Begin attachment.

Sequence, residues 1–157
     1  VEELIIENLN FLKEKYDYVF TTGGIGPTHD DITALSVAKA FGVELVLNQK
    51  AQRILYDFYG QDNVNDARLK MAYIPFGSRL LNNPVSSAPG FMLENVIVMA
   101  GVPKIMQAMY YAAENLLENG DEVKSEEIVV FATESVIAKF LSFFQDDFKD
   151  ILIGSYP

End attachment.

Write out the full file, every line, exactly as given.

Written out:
Sequence, residues 1–157
     1  VEELIIENLN FLKEKYDYVF TTGGIGPTHD DITALSVAKA FGVELVLNQK
    51  AQRILYDFYG QDNVNDARLK MAYIPFGSRL LNNPVSSAPG FMLENVIVMA
   101  GVPKIMQAMY YAAENLLENG DEVKSEEIVV FATESVIAKF LSFFQDDFKD
   151  ILIGSYP